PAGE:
Friday, April 20, 2012

JackStrawrdinary Rendition

Jack Straw was, and is, the faithful servant of Tony Blair. When Tony gave Gaddafi the Blair-hug it was a new phase in British politics.

A missile had been fired into the back garden of 10 Downing Street and Blair had learnt something, although not a lot, about being on the receiving end of the attacks of which he had been so proud to inflict on others. The semtex had come from Libya via Ireland and it was getting too close to home. There was a change in foreign policy. Before his war on Iraq Blair had explained his position.

“Let me just deal with this oil thing because…the oil conspiracy theory is honestly one of the most absurd when you analyse it. The fact is that, if the oil that Iraq has were our concern, I mean we could probably cut a deal with Saddam tomorrow in relation to the oil. It’s not the oil that is the issue, it is the weapons…”

After the Iraq adventure much of the population had come to realise what a liar Blair was, though there were still people who had craniums too thick to penetrate. Blair was not thick. While he did not mind how many Iraqi children died abroad, semtex going off in the back garden was not cricket. So he quickly went to ‘cut a deal’ with Gaddafi. Part of that deal involved the foreign secretary, Jack Straw, rendering people wanted by Gaddafi to Libya to be tortured and imprisoned.

Over the years the position changed with Libya. The oil deals cut by Blair were not lucrative enough. So another war became inevitable to get oil at a more preferential rate, that is, free. This change in policy meant that NATO countries colluded to create a Libyan Spring which meant supporting rebels who had been former enemies of Muammur Gaddafi. One of these, who is now trying to prove that Jack Straw signed the illegal rendition papers for him and others is Abdel Hakim Belhadj.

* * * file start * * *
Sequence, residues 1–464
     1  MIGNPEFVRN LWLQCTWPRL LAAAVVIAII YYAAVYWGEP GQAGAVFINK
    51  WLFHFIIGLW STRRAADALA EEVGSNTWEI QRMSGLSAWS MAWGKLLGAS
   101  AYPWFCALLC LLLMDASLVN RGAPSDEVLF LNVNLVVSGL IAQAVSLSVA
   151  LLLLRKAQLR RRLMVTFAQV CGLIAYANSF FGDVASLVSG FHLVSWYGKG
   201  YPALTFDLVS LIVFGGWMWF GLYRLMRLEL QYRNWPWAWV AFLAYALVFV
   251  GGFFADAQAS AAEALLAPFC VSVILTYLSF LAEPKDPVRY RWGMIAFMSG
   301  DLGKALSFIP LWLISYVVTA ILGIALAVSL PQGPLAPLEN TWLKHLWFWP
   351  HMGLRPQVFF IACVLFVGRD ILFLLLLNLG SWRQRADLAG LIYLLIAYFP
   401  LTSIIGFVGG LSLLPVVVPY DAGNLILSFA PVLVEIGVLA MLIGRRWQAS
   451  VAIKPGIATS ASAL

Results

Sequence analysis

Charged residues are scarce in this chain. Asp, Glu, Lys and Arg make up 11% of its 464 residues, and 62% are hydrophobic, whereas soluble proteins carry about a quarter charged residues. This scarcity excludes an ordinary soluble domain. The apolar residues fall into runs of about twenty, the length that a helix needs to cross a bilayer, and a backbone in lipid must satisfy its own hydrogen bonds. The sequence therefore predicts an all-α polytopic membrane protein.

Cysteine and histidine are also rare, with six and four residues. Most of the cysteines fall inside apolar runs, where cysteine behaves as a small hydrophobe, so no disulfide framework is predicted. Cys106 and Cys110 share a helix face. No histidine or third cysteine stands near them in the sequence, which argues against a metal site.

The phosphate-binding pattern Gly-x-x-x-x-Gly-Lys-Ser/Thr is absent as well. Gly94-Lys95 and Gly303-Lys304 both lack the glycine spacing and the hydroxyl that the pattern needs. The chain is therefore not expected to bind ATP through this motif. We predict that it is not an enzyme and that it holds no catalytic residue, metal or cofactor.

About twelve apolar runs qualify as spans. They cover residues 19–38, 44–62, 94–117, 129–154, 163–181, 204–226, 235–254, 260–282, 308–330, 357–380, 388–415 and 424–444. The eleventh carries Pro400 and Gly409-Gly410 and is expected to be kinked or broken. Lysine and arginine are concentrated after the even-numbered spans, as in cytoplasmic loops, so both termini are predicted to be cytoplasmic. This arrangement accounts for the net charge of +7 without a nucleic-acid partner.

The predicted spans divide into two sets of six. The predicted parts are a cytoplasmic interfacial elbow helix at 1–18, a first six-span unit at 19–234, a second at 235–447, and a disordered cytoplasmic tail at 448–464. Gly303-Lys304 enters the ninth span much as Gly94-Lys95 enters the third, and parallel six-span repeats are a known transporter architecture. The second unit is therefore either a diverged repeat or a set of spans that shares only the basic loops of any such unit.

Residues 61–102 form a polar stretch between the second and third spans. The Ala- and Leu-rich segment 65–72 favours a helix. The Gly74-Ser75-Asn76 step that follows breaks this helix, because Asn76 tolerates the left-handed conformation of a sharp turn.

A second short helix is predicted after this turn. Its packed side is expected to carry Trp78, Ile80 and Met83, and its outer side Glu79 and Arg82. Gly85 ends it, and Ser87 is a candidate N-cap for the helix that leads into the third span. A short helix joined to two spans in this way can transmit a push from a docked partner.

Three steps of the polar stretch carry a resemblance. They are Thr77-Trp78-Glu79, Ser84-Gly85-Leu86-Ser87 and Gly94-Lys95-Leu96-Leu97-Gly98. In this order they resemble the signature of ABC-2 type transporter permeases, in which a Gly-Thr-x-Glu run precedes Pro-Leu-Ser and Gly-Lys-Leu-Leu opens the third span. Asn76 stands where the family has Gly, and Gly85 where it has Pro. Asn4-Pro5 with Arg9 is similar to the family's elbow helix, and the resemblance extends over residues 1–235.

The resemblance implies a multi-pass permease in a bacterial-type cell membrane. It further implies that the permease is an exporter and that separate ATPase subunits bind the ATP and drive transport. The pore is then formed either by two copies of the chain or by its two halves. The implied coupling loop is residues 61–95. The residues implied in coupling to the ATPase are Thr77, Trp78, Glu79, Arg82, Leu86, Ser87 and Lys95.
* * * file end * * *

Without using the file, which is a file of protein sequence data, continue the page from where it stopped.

Jack Straw, known by some in Lancashire as ‘Bungalow Jack’ because he’s ‘now’t up top’ denies having signed any such papers and is currently under investigation by the Metropolitan Police. Of course those of us who know how British justice in the 21st century works are under no delusions that justice will be seen to be done. 21st century justice is the kind administered by the Hutton Inquiry over the death of Dr David Kelly. Last year an inquiry was set up into torture and extraordinary rendition: the Gibson Inquiry. Former ambassador to Uzbekistan, Craig Murray, was due to give evidence. However, all allegations were going to be investigated in secret and the chances of the general public getting to know more than the basics were slim. In the end the Gibson Inquiry was cancelled. That is how British justice works today. The same with ‘Bungalow Jack’. There will be an out-of-court settlement. Abdel Hakim Belhadj will be bought off by blood-money, Jack Straw will walk free, and that will be the end of it. But it ought to be the start of it.

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